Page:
Reflecting on this year’s movie offerings over the summer season Johanna Schneller in the Globe and Mail is struck that, instead of the usual “silly season” of movies she is accustomed to viewing over the warm months of summer, this year “in every cinema, I see meditations on mortality.”

In response to her summer movie viewing experience Schneller asks,

So what’s going on out there? Has the Internet and its 24-hour news cycle brought the world’s pain and chaos so close that we can’t avoid it even in our entertainment?

Would this be such a bad thing? Is the purpose of art simply to distract us from “the world’s pain and chaos”? Is it possible that even Hollywood, faced with so much tragedy in the human condition, might be trying to come to grips with the broken reality that the 24-hour news cycle on the Internet has made virtually unavoidable?

Ultimately in the cinema this summer Schneller has found the inescapable presence of mortality deeply disturbing. She describes her experience of one of the movies on offer saying,

Speaking of our transience, there is no better film, this summer or any, than the beautiful, shattering Boyhood, which captures on film some ordinary moments in the life of Mason (Ellar Coltrane) as he ages from six to 18…..

As the 18-year-old faded out, I felt a physical ache for the six-year-old I’d never see again – and isn’t that exactly the point?

At a key moment, Arquette’s character says, “I thought there would be more.” That knocked me so sideways I’m still dizzy. Because ultimately, that’s what all these movies, all these seekers of enlightenment at the bottom of a popcorn bag, are asking. Is there more? There must be more.

This sounds like a profound moment of existential crisis. Schneller appears to be reaching for some deeper meaning in life. But, in the end she cannot quite make the journey and pulls back from the challenge of the movies to retreat into a sophisticated smirk affirming,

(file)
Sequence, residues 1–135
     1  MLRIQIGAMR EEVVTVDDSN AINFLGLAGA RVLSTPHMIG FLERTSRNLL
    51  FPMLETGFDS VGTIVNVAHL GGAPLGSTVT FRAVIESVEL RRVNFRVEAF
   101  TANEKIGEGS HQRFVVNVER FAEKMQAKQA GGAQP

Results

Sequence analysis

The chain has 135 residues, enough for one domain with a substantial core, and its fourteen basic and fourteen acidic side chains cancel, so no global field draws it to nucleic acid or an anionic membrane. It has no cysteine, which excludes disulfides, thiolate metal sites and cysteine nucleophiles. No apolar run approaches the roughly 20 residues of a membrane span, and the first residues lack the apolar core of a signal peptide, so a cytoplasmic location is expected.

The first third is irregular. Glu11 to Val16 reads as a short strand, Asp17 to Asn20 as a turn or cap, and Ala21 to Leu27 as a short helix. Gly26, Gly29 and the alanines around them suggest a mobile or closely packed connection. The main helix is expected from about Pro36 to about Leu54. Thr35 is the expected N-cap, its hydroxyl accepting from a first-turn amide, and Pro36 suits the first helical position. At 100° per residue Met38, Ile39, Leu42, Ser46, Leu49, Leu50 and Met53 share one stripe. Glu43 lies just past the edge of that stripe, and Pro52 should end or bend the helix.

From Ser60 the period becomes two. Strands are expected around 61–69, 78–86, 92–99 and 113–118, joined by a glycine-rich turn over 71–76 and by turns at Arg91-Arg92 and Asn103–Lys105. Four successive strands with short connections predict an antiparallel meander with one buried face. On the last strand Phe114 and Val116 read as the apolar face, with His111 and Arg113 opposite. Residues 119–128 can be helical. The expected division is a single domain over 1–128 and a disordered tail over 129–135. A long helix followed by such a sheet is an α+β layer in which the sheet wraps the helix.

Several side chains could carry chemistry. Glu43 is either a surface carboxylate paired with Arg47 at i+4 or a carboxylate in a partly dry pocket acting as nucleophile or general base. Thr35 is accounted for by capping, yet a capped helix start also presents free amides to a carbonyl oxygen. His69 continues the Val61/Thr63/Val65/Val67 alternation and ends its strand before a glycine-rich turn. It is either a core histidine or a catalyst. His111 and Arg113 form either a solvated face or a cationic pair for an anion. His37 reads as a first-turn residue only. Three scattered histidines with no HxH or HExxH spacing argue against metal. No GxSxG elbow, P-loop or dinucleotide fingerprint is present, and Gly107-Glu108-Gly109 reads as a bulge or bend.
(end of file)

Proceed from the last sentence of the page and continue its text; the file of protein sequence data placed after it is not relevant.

No – this is the more. Who needs a shrink or a minister? Go buy a movie ticket.

Is this meant as a joke? Are we supposed to take Schneller seriously when she appears to affirm that there is actually nothing “more” to this life than the passing escapism of flickering scenes on a screen consumed alongside a jumbo-sized bucket of hot buttered popcorn?

Perhaps the questions she has faced in the movies this summer are just too threatening. Possibly Schneller’s up-bringing has failed to equip her with the tools to navigate the terrain of transcendence. Is she really content to live in a world that has no room for incomprehensible mystery and unexplainable wonder.

How tragic to pull back from the pain of the world with no more hope or comfort than “the bottom of a popcorn bag.”

Jesus asked the same question Schneller asked when he confronted his disciples with the challenge,

Is not life more than food, and the body more than clothing?(Matthew 6:25)

Of course for Jesus the question was entirely rhetorical. His whole life was an affirmative answer to his own probing question. For Jesus there was a depth dimension to life, a mystery and a power to the human condition that could never be confined to the physical material realm. Certainly, had Jesus been asking the question today, he would have been horrified at the suggestion that buying “a movie ticket” could possibly even begin to satisfy the deepest longings of the human heart. He understood we were made for more than any cinematic experience could ever provide.